DUBAI, (Reuters) – Dubai World’s willingness to sell prized assets such as ports operator DP World to pay down its debt pile is considered such a drastic move that analysts see it more as a last-resort bargaining tactic.
Documents obtained by Reuters this week revealed the surprising news that the debt-laden conglomerate was willing to let go of “strategic assets” such as DP World, Jebel Ali Free Zone and Dubai Maritime City (DMC) as part of a $19.4-billion fundraising effort as it tries to reach a restructuring deal with creditors by October 1.
By displaying its willingness to put these assets on the block, Dubai World is effectively offering creditors an insurance policy that if the restructuring plan runs into trouble, it will sell core, strategic assets.
In reality, analysts said, it would be too painful for Dubai World to dispose of its crown jewels.
“These are success stories and they are the core of the Dubai trade industry,” said Mohammed Yasin, chief executive of Shuaa Securities. “They are highly sought after and therefore they are the carrots at the end of the stick that they are using to make the lenders accept their terms.”
Dubai built itself into a global trade and business hub over the last decade, becoming a primary destination for foreign investment with its ambitious real estate and infrastructure projects. The emirate was hard hit by the global financial crisis as its property market crashed late 2008.
Dubai World shocked markets in November when it announced plans for a standstill agreement and the restructuring of $26 billion in debt. This put Dubai’s hard-won global brand in jeopardy and selling symbols of its success and an integral part of its economy would be the final blow.
“If you sell those, you sell Dubai,” a person involved in the restructuring process said.
The symbolic value of these assets is also crucial and their loss could have political repercussions, analysts said.
“There is so much prestige that will be lost in this,” said British historian Christopher Davidson. “To my mind it is really the political damage that matters more than anything because the ruler has put so much into saving face and giving the impression that we’ll pick up again fast and it will be business as usual.”
Dubai World is controlled by Dubai’s government, led by Sheikh Mohammed bin Rashid al-Maktoum, who also has direct business interests across the economy.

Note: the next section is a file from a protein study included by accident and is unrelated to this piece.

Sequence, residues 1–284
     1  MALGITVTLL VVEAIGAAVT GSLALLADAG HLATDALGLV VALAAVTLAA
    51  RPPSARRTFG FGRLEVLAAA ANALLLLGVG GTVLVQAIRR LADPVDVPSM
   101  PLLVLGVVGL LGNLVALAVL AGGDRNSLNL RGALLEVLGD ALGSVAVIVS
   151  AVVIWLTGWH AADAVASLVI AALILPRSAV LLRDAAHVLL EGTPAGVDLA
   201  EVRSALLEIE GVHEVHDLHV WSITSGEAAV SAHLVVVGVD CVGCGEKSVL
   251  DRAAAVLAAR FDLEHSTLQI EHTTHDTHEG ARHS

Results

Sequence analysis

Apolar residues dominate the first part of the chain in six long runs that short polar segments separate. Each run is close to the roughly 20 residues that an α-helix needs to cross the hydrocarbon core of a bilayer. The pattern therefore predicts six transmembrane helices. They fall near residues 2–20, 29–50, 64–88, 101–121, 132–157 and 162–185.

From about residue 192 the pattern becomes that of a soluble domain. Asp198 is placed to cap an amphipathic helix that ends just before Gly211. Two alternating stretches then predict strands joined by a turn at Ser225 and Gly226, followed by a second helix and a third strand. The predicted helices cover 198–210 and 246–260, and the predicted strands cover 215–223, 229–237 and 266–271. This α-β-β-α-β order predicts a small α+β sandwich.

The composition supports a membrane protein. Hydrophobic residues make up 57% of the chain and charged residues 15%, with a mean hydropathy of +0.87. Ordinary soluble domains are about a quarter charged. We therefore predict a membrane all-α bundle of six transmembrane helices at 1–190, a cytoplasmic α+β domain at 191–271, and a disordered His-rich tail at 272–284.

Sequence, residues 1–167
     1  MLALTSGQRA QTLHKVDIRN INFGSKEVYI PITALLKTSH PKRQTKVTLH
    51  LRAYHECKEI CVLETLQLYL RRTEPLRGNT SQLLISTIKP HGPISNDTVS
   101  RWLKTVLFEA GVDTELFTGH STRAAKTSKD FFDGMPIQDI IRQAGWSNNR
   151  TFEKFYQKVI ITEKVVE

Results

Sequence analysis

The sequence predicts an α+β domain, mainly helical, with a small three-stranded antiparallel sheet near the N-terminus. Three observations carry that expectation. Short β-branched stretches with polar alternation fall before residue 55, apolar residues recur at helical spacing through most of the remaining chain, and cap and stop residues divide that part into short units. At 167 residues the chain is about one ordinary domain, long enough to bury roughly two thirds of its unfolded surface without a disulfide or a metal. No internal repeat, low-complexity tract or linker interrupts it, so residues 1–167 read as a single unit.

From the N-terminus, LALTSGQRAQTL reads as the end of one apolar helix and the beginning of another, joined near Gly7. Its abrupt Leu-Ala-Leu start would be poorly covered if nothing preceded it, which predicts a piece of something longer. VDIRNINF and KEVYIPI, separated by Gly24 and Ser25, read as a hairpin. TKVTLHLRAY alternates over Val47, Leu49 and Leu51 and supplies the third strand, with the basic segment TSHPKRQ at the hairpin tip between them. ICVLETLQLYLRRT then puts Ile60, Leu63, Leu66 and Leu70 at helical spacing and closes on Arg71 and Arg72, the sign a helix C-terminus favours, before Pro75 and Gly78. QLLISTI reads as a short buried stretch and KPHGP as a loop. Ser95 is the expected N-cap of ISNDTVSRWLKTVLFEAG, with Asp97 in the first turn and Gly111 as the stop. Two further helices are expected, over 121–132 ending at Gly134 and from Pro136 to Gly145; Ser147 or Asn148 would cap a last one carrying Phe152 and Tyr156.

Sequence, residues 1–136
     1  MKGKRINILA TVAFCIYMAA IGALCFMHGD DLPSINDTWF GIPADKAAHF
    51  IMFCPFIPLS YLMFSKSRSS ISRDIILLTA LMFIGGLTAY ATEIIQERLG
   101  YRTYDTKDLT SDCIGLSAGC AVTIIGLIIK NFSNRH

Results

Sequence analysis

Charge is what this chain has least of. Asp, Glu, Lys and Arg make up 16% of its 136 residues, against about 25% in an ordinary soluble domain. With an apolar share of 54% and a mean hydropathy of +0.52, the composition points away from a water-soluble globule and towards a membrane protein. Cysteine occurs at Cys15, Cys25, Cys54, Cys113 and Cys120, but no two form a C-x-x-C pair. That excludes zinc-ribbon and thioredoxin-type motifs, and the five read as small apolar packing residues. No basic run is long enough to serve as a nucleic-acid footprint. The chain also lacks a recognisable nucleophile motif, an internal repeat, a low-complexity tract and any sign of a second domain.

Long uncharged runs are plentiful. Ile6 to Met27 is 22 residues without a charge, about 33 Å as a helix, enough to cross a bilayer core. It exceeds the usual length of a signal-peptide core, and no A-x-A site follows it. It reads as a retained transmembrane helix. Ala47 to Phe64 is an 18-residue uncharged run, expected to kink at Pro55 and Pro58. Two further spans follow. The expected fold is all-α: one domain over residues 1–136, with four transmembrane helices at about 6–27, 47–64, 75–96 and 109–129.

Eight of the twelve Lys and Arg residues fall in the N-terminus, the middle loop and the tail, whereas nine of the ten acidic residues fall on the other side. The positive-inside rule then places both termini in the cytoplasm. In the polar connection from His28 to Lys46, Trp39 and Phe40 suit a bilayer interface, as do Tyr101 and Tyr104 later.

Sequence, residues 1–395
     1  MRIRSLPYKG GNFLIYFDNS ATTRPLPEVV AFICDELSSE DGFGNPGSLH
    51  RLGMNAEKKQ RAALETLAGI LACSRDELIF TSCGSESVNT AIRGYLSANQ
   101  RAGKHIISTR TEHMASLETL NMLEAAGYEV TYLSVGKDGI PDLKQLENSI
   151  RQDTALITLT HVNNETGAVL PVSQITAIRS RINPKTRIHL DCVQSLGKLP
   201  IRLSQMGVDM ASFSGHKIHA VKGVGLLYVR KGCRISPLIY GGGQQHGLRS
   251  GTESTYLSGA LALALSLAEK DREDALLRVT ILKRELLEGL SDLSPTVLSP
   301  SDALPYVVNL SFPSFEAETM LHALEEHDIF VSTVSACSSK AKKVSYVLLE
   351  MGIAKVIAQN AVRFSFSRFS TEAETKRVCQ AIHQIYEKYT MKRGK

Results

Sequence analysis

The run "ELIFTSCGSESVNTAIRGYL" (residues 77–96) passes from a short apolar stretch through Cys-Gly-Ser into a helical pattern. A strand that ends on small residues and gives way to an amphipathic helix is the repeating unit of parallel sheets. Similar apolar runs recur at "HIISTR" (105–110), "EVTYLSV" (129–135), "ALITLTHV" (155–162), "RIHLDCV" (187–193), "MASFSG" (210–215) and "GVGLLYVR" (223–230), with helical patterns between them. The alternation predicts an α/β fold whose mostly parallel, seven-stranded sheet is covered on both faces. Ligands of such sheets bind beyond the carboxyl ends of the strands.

Dubai World said at the start of their debt debacle that assets such as DP World and Dry Docks World would not be included in its debt restructuring. However, asset sales including top names had always been part of the plan, despite a clear reluctance to sell.
Under the current restructuring plan, the potential sale of those assets would come at the end of the eight-year period designated for the sales process.
“By pushing the local assets, or those with a local presence, to the latter part of the sale process, they are hoping that by that time things will get better and if they do they can refinance the debt,” said Yasin.
The proposed sale of the port operator, whose first-half results exceeded expectations, is not scheduled until 2016, and even then analysts are skeptical a majority stake would be sold.
“DP World is one of their (Dubai government) jewels, one of their best performing assets… and it goes with the story of Dubai as a trade and business hub so I don’t think they’ll let it go… In the worst case scenario they will still own a majority stake,” said a Dubai-based analyst.
The lack of a back-up plan, reliance on a global economic recovery in its restructuring plan, and the deterioration in the value of its international investment portfolio, all leave Dubai World — and by extension Dubai — in a tight spot.
Even if the company manages to offload all its international assets before the clock runs out for its more prized possessions, the proceeds from these sales may not help much in repaying its mounting debt burden, signaling the extent of depletion in the value of its trophy assets.
Most of Dubai World’s storied international portfolio was acquired at peak prices before the financial crisis, including assets such as luxury retailer Barney’s and casino operator MGM Resorts International.
The firm’s private equity arm, Istithmar, which owns most of the overseas assets, is expected to raise a maximum of $4.5 billion over a five year period, according to the firm’s own best estimate.
Dubai World subsidiary Infinity paid about $2.2 billion for a 5.9 percent stake in MGM in October 2007 and $4.8 billion for an investment in its Las Vegas development, CityCenter. Infinity’s MGM stake was bought at an average price of $83.15 per share in October 2007. MGM shares closed at $9.4 in the New York Stock Exchange on Wednesday.
If Dubai World fails to raise the necessary funds, this could see Abu Dhabi stepping in once again to aid its struggling neighbor. Some would argue that this would cause as much harm to the Dubai brand as selling off its prize possessions.